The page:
Is car insurance valid in a weather warning? How yellow, amber and red snow and ice warnings affect cover
What the law and insurers say about driving under a weather warning and how it could affect your insurance claim
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Weather warnings are in place for large parts of the UK as Arctic winds bring freezing temperatures, snow and ice.
The Met Office has issues widespread alerts, with snow already falling in some parts of England and warnings of further falls in coming days. Temperatures dropped as low as -14C on Tuesday night in remote parts of Scotland and -8C in northern England.
The Met Office yellow weather warnings cover most of England, Scotland Wales and Northern Ireland, with the threat of heavy snow across much of the country towards the end of the week. Travellers have been warned to expect delays and disruption on the roads as snow and ice make driving conditions more difficult.
Poor weather brings a predictable spike in breakdowns and accidents and the last cold snap, in December 2022, saw call-outs and claims at insurer NFU Mutual double while the RAC reported its busiest single day on record in mid-December.
With tricky conditions bringing an increased likelihood of a collision, rumours are once again circulating on social media that driving during a weather warning will invalidate your insurance. However, in most circumstances this is not the case and your insurance will remain valid.
According to the AA: “You can drive during any weather warning, be it red, amber or yellow. Your insurance provider won’t invalidate your policy just because you had to drive in heavy snow or strong winds. If your car is taxed, has a valid MOT and is insured, you’re legal for being on the road.”
The RAC’s Rod Dennis echoes this, explaining: “Insurance is mandated by law and so unaffected by the weather.”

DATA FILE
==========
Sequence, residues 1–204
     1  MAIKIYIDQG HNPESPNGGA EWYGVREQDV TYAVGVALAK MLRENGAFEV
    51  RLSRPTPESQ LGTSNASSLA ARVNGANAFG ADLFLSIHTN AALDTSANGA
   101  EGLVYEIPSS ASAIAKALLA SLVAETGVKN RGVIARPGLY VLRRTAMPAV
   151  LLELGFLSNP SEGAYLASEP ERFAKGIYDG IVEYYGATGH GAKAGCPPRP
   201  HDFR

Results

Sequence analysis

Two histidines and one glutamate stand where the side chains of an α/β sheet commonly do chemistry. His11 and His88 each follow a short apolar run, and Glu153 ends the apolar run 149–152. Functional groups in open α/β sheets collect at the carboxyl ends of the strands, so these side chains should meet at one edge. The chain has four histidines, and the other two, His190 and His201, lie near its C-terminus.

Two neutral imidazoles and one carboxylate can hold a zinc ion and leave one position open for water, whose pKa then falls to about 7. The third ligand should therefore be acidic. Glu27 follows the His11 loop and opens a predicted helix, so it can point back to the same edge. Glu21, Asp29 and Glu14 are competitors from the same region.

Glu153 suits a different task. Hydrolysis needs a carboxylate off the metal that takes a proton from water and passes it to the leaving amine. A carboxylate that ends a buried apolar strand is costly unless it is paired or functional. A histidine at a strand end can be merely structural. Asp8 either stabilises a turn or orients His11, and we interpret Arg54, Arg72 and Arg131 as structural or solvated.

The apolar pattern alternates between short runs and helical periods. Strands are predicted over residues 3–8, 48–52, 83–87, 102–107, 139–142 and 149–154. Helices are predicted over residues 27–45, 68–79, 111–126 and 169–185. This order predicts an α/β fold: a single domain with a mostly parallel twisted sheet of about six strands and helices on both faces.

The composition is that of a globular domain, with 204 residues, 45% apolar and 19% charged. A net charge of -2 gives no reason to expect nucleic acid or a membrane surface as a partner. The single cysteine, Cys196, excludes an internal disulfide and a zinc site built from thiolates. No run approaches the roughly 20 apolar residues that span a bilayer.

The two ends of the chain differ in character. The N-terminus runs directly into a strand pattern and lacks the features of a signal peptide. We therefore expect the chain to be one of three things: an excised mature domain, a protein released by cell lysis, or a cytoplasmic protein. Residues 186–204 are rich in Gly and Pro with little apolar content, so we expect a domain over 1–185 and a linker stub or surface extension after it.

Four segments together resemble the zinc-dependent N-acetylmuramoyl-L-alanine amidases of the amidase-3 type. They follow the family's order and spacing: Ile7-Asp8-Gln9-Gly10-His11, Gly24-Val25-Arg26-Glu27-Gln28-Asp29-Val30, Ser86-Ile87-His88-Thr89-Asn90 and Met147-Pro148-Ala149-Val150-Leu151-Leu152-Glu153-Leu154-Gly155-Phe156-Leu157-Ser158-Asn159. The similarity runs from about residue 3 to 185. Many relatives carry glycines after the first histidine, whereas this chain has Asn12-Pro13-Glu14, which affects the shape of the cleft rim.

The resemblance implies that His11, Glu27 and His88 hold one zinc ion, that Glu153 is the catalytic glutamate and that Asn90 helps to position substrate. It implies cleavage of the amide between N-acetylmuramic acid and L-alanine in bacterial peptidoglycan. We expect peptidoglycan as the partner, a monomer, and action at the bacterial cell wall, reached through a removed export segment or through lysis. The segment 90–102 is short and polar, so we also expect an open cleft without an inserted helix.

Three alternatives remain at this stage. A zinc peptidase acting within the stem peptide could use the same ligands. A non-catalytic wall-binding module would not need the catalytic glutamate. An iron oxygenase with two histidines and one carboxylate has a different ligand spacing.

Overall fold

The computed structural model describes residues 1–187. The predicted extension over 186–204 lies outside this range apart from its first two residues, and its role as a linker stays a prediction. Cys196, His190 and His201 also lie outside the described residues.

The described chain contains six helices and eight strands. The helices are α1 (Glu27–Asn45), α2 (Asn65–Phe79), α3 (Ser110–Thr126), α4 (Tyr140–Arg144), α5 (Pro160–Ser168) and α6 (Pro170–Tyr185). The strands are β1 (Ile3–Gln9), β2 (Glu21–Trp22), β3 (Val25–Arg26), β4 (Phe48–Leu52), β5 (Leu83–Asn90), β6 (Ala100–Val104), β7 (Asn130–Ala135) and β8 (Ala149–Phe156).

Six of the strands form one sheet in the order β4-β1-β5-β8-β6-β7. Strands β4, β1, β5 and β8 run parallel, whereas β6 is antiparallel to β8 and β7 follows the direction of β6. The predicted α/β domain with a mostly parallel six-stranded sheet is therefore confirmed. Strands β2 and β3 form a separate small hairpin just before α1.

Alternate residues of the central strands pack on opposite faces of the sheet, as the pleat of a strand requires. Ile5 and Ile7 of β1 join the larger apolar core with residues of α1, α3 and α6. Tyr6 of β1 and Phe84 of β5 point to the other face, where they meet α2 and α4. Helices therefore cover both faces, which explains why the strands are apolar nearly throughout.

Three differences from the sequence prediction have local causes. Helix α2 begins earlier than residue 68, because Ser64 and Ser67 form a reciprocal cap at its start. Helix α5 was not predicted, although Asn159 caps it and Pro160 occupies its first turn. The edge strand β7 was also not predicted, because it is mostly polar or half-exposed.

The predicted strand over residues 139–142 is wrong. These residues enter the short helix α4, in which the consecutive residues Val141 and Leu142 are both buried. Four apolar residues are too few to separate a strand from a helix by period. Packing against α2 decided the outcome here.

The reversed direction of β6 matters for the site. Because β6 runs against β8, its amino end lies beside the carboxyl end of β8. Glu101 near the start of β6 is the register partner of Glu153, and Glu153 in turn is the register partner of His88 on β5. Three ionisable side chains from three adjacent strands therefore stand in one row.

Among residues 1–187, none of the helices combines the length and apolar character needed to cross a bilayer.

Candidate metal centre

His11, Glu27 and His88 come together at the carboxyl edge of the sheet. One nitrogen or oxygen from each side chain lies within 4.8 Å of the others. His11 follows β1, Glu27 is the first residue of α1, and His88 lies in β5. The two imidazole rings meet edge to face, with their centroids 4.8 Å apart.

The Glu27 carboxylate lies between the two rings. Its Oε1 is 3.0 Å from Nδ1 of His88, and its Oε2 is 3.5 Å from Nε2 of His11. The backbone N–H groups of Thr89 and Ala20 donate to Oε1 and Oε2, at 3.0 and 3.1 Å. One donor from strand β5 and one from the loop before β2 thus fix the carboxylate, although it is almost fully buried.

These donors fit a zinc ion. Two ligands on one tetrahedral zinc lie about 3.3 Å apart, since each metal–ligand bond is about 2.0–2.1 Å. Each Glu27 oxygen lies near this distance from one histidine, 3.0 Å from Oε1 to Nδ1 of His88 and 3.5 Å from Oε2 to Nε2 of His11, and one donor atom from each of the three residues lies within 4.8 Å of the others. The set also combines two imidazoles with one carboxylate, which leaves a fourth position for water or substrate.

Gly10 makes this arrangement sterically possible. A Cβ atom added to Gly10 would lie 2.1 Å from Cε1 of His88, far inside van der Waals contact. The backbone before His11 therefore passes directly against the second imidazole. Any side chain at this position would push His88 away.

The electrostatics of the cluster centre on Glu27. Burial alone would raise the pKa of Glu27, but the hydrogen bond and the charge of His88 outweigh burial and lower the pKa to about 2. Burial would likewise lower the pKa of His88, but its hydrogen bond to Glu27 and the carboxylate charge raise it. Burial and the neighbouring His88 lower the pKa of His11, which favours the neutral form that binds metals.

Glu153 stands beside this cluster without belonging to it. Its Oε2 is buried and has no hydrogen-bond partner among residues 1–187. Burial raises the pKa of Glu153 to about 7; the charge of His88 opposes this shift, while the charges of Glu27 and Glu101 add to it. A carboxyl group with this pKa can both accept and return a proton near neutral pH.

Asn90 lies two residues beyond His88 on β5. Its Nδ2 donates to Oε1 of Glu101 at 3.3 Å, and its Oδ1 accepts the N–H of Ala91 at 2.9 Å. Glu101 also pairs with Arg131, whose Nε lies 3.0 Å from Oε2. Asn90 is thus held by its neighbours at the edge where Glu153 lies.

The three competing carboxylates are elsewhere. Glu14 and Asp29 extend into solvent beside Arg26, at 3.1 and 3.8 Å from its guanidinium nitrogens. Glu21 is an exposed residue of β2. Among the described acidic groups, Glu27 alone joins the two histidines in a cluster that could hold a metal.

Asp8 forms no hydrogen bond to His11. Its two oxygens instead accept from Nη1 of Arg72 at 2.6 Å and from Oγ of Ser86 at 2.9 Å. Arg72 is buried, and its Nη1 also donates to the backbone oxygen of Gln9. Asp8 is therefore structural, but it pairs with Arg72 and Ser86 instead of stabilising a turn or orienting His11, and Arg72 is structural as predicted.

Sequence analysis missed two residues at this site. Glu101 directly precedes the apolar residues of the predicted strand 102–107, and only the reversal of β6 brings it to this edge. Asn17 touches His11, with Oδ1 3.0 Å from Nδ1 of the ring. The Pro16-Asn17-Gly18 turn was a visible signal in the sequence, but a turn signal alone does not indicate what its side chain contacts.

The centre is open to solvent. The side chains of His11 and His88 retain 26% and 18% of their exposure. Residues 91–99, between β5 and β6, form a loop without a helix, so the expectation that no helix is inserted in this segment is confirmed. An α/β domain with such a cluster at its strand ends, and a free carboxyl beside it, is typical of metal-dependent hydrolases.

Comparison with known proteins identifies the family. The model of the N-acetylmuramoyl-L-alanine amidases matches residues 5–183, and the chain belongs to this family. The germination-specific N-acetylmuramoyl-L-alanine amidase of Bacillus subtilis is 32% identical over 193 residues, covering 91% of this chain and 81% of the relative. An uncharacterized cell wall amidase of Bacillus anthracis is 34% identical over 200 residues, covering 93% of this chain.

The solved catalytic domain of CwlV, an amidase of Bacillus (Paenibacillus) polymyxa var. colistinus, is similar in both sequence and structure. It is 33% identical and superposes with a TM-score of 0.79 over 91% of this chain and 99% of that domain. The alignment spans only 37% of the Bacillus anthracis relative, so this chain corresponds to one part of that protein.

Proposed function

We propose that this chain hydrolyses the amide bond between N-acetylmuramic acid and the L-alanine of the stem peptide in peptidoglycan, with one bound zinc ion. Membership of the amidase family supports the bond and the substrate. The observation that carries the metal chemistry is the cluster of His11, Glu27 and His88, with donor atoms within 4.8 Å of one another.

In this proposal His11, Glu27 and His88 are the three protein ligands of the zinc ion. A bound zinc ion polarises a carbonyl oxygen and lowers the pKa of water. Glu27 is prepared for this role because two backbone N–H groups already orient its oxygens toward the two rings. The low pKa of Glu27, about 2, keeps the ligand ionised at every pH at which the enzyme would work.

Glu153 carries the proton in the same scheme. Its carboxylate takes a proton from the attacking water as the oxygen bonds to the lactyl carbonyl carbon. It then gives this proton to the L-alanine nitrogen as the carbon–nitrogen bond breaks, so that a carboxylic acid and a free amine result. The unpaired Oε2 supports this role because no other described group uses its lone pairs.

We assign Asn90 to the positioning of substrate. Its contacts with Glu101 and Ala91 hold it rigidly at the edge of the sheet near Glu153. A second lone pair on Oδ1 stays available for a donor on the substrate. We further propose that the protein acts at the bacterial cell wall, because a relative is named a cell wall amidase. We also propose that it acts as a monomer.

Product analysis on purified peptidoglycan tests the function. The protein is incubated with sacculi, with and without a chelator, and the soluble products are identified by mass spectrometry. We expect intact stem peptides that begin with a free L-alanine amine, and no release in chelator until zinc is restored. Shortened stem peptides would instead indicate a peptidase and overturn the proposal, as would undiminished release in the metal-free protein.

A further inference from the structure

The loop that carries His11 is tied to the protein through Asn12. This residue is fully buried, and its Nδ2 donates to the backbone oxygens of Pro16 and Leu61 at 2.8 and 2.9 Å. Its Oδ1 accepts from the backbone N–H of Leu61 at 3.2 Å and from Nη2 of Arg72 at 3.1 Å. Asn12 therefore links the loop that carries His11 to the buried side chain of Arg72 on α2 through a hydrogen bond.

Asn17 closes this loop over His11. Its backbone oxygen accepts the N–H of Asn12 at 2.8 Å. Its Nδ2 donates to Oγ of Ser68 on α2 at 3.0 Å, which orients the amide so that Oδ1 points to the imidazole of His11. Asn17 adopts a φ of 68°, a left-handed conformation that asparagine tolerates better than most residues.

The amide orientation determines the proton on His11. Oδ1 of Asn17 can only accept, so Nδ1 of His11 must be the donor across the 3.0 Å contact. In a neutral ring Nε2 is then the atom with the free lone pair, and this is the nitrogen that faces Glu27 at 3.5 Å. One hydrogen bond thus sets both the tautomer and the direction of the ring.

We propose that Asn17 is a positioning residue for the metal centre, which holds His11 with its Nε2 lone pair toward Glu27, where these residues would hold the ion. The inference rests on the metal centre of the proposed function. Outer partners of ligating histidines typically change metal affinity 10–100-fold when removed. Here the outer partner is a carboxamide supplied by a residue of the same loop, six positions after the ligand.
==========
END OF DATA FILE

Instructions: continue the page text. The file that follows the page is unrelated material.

A spokesperson for the Association of British Insurers said that weather warnings did not affect cover but urged drivers to consider whether their journey is necessary. She said: “We would urge all drivers to pay close attention to advice from local authorities and the emergency services in areas affected by snow – particularly where there is a red warning.
"People’s safety is paramount. However, social media rumours that motor insurance will be invalid if people drive during a warning are not true. Motor insurance will cover you in the usual way, providing you are driving within the law."
Although driving while a weather warning is in place doesn’t automatically affect your insurance, breaking the law or taking unnecessary risks could lead to some difficult discussions with your insurer should you need to make a claim.
Kevin Pratt, consumer affairs expert at Forbes Advisor told the Scottish Sun: “Simply knowing you’re going to get a payout shouldn’t mean you take undue risks. If your insurance company can prove contributory negligence on your part, your claim might be questioned, and any payout reduced. For example, if you drove into a swollen ford where there was a warning in place and your car stalled and was ruined by water, your claim might not be paid.
“The same would apply if you went down a road in contravention of official road closure signs and were subsequently involved in an accident.”